Want to change the world via technology? Schoolgirls show the way

  • The AISM team MY Tech Mooks created an app for donors and charities
  • ReShare app currently in beta, to be modified before being made available
Want to change the world via technology? Schoolgirls show the way

FOUR Year 6 students from the Australian International School Malaysia (AISM) were recently selected as semi-finalists in the ‘middle school’ category of the Technovation Innovation Challenge, a global technology entrepreneurship programme for girls.
The programme, supported by companies such as Google Inc and Intel Corp, challenges girls aged 19 and below from all over the world to build a mobile app, write a business plan, and submit a pitch video about their idea which will help address a community problem.
Since 2010, 5,000 girls from 28 countries have participated in the Technovation Innovation Challenge. Every year, four teams who make it to the finals win a place to participate in the World Pitch Summit, although the AISM team did not make it to the finals.
The AISM team – named MY Tech Mooks – consisting of Megan Yap, Mia Tan, Tania Thong and Emily Tan were among the 12 teams chosen from the Europe, Asia, Australia & New Zealand regions, AISM said in a statement.
The students created an app called ReShare, which would help the underprivileged by allowing people or organisations who have things to donate to list what they have available, and for organisations and charities which rely on donations to look through the list and select the things they want to receive.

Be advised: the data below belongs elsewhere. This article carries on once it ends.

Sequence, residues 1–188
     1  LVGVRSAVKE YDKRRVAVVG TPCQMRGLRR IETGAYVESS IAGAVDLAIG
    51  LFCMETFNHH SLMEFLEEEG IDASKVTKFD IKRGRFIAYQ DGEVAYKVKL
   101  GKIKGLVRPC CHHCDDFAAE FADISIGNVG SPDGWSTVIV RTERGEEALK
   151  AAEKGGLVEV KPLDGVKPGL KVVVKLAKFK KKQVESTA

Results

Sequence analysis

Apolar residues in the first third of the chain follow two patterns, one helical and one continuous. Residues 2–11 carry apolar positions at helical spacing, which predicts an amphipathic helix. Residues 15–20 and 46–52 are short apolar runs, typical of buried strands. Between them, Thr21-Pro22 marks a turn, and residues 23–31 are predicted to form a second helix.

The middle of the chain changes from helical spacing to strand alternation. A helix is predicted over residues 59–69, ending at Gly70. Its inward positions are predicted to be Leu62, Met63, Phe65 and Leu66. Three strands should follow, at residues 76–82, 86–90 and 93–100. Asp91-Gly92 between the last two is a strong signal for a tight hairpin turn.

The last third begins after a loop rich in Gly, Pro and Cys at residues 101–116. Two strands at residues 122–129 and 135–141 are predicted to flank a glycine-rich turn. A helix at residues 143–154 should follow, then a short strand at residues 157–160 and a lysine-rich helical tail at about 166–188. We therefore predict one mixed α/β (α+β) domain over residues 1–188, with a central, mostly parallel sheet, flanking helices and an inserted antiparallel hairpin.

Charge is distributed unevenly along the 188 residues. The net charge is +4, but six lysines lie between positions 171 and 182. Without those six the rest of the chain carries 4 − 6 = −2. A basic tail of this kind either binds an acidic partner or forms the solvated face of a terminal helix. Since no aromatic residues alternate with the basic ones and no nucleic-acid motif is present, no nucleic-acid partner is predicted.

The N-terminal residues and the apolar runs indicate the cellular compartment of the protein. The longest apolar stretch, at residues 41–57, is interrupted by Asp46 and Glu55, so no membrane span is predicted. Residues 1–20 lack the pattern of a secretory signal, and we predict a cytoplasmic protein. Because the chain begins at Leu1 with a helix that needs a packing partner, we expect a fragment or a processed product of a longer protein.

Once they have made their selections, the donor and receiver can communicate through the app and arrange drop-off or collection.
ReShare will get donations to where they are needed most efficiently and will give charity organisations more control about what they receive, the MY Tech Mooks team believes. Donors can also be sure that their donations are going towards a good cause.
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The ReShare app is currently in beta and is due for some final modifications before it is available for download, according to AISM.
“My mother volunteers with refugees and we saw how little they had in their daily lives. We wanted to help,” said team-member Megan.
“We could see there was a problem about getting things to where they were needed and we wanted to help fix that,” she added.
One of the most important things that Technovation participants learn is how to develop a business plan, including doing market research, working out target markets, analysing competition, knowing how to differentiate their product, and calculating market size and potential revenue, said AISM.
“We have even learned lots of other new skills too, like how to use iMovie to make our videos, building apps and databases, producing artwork and graphics,” said Mia, the youngest in the team.
“Working together as a team was also hard work, but we have learnt so much from this experience.
“The challenge has made us realise we can create things and we understand better about how technology works in different things,” she added.
To view their pitch video, click below:

“Statistics show that although many girls are very interested in science, technology and maths in middle school, far too few go on to study these areas at university or pursue careers in technology,” said MY Tech Mooks coach and their science teacher Susan Skinner.
“Through Technovation, girls realise early on that they can do these things – they can code and build and really make a change. Technovation helps to break down stereotypes and close the gender gap,” she added.
Related Stories:
Girls in STEM careers: It’s on you, parents!
10 women behind key technology breakthroughs
The gender gap in STEM
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